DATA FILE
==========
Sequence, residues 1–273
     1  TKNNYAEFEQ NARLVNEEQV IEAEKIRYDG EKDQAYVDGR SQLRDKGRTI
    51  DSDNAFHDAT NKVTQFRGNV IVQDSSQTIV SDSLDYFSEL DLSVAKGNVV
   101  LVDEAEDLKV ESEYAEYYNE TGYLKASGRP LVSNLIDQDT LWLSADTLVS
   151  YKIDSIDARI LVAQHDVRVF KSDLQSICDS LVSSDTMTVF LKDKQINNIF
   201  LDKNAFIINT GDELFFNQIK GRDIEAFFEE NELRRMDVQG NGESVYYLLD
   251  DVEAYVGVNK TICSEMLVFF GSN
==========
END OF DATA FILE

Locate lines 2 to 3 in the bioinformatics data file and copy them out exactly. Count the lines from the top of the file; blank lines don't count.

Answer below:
     1  TKNNYAEFEQ NARLVNEEQV IEAEKIRYDG EKDQAYVDGR SQLRDKGRTI
    51  DSDNAFHDAT NKVTQFRGNV IVQDSSQTIV SDSLDYFSEL DLSVAKGNVV